*** Congress set to avert government shutdown: Remember the possibility -- just a few weeks ago -- that the government could shut down? Well, it appears that has been avoided. The New York Times: The Senate “by a vote of 73-26 passed a spending measure that caps spending for programs within Congress’s annual discretion at $984 billion. The House is expected to pass the measure as soon as Thursday, eliminating any current threat of a government shutdown. The final Senate bill did ease the hit of the automatic cuts known as sequestration somewhat, especially those that could hurt vulnerable Democrats.” Also today, the House is set to vote on the Paul Ryan’s budget proposal between 11:45 am ET and 12:15 pm ET.
*** “Senate Madness”: Pegged to today’s true start of the NCAA basketball tournament, we are launching “Senate Madness” -- our online contest pitting history’s most consequential U.S. senators against one another. To assemble our list of 64-plus senators, we reached out to historians, as well as fellow political observers and analysts. The exercise isn’t based on popularity; rather, it’s based on consequence during their tenure in the Senate. (It’s why ex-senators like Barack Obama and Hillary Clinton won’t be on the list, but LBJ will be.) These are the senators who shaped U.S. history, whose names are affixed to important legislation and Senate buildings, and whose influence and legacy live on. Some of these names, too, were on the wrong side of history on major issues facing the country. After all, just as American history is complicated, so too is the history of the U.S. Senate. Note: Current senators aren’t eligible to make our list.
*** Introducing our play-in contest -- Bentsen vs. Gramm: The online contest works just like your NCAA tournament brackets. Over the next few weeks, you get to vote on each match up between individual senators, and the winners advance. Our brackets are divided into different eras: 19th Century Era, 20th Century Era, Modern Day Era (relatively), and Mixed Era. The first match up is our play-in to be the 16th seed in the Modern Day bracket. It pits Lloyd Bentsen against Phil Gramm -- Texas Democrat vs. Texas Republican, Texas Longhorn vs. Texas A&M Aggie. (That Bentsen and Gramm are duking it out for a 16th seed demonstrates the deep bench of senators we’re considering.) The winner moves on to our other match ups beginning next week. So go to First Read on NBCPolitics.com to vote. Get your Senate Madness on… And we’ll unveil our full brackets beginning on Monday. But here’s a tease of our #1 seeds: Daniel Webster (19th), LBJ (20th), Ted Kennedy (Modern), and Henry Clay (Mixed).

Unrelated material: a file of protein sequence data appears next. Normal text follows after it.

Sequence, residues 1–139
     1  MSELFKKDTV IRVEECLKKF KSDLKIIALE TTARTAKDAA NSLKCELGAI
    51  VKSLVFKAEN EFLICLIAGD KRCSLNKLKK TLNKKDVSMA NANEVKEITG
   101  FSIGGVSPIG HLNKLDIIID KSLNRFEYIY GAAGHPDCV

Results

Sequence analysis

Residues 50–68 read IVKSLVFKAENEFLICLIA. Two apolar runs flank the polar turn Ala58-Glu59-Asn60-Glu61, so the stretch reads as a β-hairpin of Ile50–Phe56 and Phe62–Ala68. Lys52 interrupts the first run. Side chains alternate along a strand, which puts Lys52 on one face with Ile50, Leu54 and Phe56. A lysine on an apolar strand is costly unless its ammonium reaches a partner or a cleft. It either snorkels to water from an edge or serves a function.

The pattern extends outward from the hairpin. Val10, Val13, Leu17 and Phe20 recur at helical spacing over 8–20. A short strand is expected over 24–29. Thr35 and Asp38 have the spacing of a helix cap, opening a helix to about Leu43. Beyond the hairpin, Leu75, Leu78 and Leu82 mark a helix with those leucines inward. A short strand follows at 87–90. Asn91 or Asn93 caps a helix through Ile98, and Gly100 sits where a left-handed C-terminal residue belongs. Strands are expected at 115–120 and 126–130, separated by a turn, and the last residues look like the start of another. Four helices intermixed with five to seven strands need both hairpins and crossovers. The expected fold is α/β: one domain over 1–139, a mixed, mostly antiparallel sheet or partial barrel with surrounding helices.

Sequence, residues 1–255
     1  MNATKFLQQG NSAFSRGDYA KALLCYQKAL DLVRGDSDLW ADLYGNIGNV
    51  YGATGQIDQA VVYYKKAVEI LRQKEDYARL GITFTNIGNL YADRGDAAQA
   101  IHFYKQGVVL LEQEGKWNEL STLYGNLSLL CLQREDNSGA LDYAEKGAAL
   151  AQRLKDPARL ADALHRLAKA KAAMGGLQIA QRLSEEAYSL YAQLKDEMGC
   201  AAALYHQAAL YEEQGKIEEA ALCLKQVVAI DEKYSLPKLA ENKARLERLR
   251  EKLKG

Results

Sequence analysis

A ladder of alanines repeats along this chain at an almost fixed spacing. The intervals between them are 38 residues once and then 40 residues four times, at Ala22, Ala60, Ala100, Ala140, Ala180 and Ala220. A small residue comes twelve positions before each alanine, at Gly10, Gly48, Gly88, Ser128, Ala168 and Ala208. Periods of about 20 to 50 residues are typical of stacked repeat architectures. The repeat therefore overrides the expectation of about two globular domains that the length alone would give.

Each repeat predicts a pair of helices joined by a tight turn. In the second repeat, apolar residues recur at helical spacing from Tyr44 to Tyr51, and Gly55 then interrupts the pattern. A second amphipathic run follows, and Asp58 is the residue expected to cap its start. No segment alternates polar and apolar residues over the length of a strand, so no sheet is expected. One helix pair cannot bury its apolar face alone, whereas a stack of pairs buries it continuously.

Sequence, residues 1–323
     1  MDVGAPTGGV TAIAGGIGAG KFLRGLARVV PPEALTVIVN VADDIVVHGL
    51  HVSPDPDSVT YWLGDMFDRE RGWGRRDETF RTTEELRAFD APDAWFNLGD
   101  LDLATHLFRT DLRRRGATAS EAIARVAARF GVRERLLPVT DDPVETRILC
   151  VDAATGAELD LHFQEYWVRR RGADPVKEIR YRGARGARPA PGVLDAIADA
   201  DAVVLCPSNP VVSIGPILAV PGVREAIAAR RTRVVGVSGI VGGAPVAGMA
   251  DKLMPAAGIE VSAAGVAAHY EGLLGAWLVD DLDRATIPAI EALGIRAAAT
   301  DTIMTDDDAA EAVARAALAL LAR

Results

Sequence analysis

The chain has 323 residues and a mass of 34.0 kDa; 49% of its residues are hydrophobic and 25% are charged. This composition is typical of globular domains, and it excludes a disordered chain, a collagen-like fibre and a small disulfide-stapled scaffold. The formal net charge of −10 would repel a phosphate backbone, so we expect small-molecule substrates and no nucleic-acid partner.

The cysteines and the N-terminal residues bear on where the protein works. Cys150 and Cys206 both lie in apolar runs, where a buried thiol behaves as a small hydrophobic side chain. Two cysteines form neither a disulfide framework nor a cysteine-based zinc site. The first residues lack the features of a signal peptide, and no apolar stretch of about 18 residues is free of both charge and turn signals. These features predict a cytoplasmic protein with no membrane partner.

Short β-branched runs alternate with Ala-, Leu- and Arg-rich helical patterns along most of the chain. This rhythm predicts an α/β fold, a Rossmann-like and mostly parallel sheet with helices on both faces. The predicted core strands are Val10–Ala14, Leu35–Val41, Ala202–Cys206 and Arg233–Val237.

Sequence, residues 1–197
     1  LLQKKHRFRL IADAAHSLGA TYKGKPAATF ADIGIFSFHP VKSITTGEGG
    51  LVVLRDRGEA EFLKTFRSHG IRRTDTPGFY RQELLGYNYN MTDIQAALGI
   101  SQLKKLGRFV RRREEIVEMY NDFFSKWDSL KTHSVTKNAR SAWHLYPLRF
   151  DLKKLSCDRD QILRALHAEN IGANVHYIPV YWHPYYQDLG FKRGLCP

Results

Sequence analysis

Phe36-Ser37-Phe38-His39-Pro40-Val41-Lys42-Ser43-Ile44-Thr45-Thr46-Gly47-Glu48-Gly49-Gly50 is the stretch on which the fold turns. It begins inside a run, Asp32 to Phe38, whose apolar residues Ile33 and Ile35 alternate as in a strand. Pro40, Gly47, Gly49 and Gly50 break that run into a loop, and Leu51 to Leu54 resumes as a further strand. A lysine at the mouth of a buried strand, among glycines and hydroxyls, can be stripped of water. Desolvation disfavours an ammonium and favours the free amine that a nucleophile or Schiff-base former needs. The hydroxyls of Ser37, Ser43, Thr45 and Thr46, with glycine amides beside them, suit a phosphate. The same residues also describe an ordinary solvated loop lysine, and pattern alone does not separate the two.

*** Can Bostic beat Sanford? Yesterday, third-place finisher Larry Grooms conceded to second-placer Curtis Bostic in South Carolina’s special GOP congressional primary (even though the automatic recount will go on), which means that Bostic most likely will be the one to face off against Mark Sanford in the April 2 run-off. South Carolina political reporter Gina Smith has a piece asking whether Bostic (who got just 13% on Tuesday) can beat Sanford (who got 37%). “One political group has conducted a survey saying the former governor will win handily in the April 2 runoff, while one of Bostic’s former opponents believes the councilman has a shot… On Tuesday evening, Bostic said his approach would be to continue reaching out to individuals in their homes, on the phone and in the community to grow his support. ’There’s 60-something percent (of voters) looking for something different (than Sanford), and I hope they like what we have to offer,’ he said.”